The Giants right-hander became the second pitcher to win the Cy Young without receiving the most first-place votes. He also prevailed in one of the closest ballots in the history of the award.
The only other pitcher to win the Cy Young Award without the most first-place votes was Tom Glavine, who beat out Trevor Hoffman in 1998 despite two fewer firsts. Lincecum's six-point margin over Cardinals righty Chris Carpenter was the third-narrowest for an NL winner, behind Steve Bedrosian and Fernando Valenzuela. Bedrosian beat out Rick Sutcliffe by two points in 1987, and Valenzuela was three points ahead of Tom Seaver in 1981.
So how did it happen?
In short, Lincecum appeared on every ballot, and he appeared high on every ballot. Twenty-three of the 32 voters had him either first or second, and the other nine had him third. Carpenter, who came in second, was likewise in first or second on 23 ballots. However, he was left out entirely by two voters. The Cardinals' Adam Wainwright, who finished a close third, received consideration from every voter but had by far the most third-place votes as well as the most firsts. He picked up 12 firsts, five seconds and 15 thirds.
CY IT AGAIN
|Roger Clemens||AL||1986, 87, 1997-98|
"I just thought [Lincecum] was a little bit more dominant," said voter John Perrotto, based in Pittsburgh. "And I preface it by saying that it was a really tough call this year. There were clearly three guys that stood out above everyone else. There were a lot of ways you could have taken it, made a case for all three. But with the ERA and the strikeouts, I just thought he was a bit more dominant than Carpenter."
Perrotto's viewpoint represented quite a few voters. Henry Schulman of the San Francisco Chronicle, who covers Lincecum on a daily basis, had Carpenter and Lincecum 1-2, and mostly wrestled with which one to give his No. 1 vote. He ended up siding with Carpenter.
"I knew I was going to pick the three guys who appeared on my ballot," Schulman said via e-mail. "I thought by far they were the three best pitchers in the league. Although you could make a statistical case for any of the three, I quickly decided that Carpenter and Lincecum were the two best, despite Wainwright's high win total. I knew whichever I did not pick to win, Carpenter or Lincecum, would be second, leaving Wainwright third."
And that, in the end, seemed to be what cost Wainwright the award. Seemingly the favorite before the announcement, he simply finished third on too many ballots to be the winner. Before 1970, he would have won it -- in those days, there was only a first-place choice. But in the current day, he rated either first or third with most voters.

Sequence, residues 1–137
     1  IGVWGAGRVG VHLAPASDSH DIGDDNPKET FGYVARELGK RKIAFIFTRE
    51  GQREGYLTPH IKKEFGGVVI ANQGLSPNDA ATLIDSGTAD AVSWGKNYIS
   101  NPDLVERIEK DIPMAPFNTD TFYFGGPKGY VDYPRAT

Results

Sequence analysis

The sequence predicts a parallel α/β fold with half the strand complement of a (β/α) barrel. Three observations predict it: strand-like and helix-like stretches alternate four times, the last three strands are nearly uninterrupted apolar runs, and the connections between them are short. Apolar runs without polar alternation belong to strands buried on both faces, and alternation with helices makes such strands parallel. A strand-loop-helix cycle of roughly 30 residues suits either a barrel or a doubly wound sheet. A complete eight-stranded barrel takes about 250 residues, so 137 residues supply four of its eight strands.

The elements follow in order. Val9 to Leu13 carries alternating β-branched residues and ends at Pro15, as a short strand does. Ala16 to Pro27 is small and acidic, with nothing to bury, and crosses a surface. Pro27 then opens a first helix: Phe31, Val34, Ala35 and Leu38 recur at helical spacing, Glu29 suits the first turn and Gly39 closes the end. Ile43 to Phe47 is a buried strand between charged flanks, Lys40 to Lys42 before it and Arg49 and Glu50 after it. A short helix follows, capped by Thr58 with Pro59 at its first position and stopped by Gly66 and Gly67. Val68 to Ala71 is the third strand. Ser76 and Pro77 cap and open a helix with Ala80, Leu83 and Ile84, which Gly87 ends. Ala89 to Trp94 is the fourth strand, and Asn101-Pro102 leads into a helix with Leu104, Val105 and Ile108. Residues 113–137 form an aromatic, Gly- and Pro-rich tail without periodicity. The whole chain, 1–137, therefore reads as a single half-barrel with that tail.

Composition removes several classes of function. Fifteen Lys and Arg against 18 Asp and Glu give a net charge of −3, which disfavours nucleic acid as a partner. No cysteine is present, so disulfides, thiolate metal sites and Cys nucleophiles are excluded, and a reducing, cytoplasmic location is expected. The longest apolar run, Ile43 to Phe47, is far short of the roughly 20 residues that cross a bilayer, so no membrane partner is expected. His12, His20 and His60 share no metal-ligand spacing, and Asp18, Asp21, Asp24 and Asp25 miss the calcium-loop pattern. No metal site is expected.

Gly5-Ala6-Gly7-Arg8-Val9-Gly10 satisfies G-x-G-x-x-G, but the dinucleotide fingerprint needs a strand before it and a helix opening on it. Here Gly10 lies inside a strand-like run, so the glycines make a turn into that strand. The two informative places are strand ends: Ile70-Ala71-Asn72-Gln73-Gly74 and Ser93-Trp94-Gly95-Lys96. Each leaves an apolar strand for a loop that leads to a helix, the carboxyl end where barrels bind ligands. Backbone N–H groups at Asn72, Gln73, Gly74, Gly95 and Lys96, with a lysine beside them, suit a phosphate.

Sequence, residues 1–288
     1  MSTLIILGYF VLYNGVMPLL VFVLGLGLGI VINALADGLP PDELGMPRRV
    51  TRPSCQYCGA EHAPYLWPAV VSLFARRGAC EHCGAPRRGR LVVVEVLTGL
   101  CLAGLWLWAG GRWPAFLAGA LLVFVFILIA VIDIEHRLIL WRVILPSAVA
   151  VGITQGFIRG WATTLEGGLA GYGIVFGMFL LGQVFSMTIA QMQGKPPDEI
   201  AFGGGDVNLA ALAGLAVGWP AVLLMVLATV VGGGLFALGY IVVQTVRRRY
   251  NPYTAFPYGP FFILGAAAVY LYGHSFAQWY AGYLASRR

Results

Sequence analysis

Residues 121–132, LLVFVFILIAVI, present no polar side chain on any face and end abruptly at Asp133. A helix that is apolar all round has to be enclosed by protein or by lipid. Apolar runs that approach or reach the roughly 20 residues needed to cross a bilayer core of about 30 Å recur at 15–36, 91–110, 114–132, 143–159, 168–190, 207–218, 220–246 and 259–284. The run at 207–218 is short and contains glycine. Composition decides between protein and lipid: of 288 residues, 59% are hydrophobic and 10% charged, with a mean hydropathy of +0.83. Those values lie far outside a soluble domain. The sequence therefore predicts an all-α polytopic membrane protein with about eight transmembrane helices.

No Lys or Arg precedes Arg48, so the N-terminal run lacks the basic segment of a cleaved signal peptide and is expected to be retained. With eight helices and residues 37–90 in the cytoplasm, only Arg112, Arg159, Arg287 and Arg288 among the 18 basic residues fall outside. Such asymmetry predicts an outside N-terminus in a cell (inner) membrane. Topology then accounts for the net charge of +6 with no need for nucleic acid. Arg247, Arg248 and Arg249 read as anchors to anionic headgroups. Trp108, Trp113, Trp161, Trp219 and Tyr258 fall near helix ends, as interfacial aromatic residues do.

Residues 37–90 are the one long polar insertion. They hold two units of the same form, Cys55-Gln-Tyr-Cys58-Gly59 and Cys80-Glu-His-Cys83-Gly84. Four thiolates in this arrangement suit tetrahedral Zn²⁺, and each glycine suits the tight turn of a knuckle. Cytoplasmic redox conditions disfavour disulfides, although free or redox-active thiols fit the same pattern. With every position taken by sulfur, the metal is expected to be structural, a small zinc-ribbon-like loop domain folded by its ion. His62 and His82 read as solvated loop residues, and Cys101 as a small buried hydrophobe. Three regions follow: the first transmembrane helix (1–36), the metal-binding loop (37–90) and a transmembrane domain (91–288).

That's in large part because of the shape of the three pitchers' performances. Voters who valued what Carpenter did, would also be inclined to value what Lincecum did, and vice versa. The case for Wainwright was a different argument.
|1987||Steve Bedrosian, PHI||57||3|
|Rick Sutcliffe, CHC||55|
|Rick Reuschel, SF||54|
|2009||Tim Lincecum, SF||100||10|
|Chris Carpenter, STL||94|
|A. Wainwright, STL||90|
|1970||Jim Perry, MIN||55||10|
|Dave McNally, BAL||47|
|Sam McDowell, CLE||45|
|Mike Cuellar, BAL||44|
|1977||Sparky Lyle, NYY||56.5||10.5|
|Jim Palmer, BAL||48|
|Nolan Ryan, CAL||46|
|Dennis Leonard, KC||45|
Carpenter had the most impressive rate stats, leading the league in earned run average and winning percentage and leading the top three candidates in walks and hits per inning pitched. Wainwright lagged in the rate stats but led the league in wins and innings pitched, and was the only one of the three not to miss a start. Lincecum was close behind Carpenter in the rate stats and close behind Wainwright in the counting stats.
So those who valued the durability of Wainwright above the other two clearly put him first. Those who valued that slightly less ranked him behind both Lincecum and Carpenter.
Two writers -- Keith Law of ESPN.com and Will Carroll of Baseball Prospectus -- left Carpenter off their ballots entirely. Both pointed to Carpenter's missed time as a significant factor in the decision. Law voted Lincecum first, calling it a "no-brainer" in a piece he wrote for ESPN, with the Braves' Javier Vazquez second and Wainwright third. Carroll had Wainwright first, Lincecum second and the D-backs' Dan Haren third.
Carroll said he gave great weight to Wainwright's durability and dependability. Wainwright was the only one of the top three candidates who did not miss a start, and he led the league in innings pitched and starts.
"For me ... all along, it was Wainwright and Lincecum for 1-2," said Carroll, who is based in Indianapolis. "And I thought that Lincecum missing those two starts was very literally the difference. And Carpenter's missed starts [factored in]. He was very, very good, don't get me wrong. If there had been a fourth place, I would have voted for him.
"I thought [Haren] did such a great job that he deserved kind of that tip-of-the-cap vote. But I thought Wainwright being out there and available every day has a value that I don't think people recognize."
Law may have cast the most controversial ballot, as the only voter to give a second-place vote to someone other than Lincecum, Carpenter or Wainwright. He used advanced pitching metrics such as FIP (fielding-independent pitching) and WAR (wins above replacement) to rank the pitchers Lincecum-Vazquez-Wainwright.
Matthew Leach is a reporter for MLB.com. This story was not subject to the approval of Major League Baseball or its clubs.